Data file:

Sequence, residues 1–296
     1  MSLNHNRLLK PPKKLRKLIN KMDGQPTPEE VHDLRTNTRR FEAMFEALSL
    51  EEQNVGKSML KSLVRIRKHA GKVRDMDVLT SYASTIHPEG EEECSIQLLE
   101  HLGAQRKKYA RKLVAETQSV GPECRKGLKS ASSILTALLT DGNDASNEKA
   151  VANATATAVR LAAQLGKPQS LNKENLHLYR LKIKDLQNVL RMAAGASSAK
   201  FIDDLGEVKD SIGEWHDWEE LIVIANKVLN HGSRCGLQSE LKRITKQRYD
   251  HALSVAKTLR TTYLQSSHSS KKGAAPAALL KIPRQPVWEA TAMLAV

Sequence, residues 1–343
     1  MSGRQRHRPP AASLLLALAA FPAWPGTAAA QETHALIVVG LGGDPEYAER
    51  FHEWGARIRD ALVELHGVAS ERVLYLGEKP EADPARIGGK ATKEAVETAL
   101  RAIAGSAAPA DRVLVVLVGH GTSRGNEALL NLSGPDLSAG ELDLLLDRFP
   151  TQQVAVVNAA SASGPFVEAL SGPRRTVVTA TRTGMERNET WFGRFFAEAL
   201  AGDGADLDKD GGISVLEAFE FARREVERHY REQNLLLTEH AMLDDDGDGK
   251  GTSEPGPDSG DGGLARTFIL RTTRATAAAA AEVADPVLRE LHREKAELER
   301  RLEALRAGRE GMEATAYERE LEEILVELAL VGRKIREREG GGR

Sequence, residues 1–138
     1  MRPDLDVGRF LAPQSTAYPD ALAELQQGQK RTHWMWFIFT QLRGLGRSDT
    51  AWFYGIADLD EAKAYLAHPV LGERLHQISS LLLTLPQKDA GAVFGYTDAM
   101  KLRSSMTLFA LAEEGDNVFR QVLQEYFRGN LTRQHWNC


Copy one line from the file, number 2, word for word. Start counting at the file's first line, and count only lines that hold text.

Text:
     1  MSLNHNRLLK PPKKLRKLIN KMDGQPTPEE VHDLRTNTRR FEAMFEALSL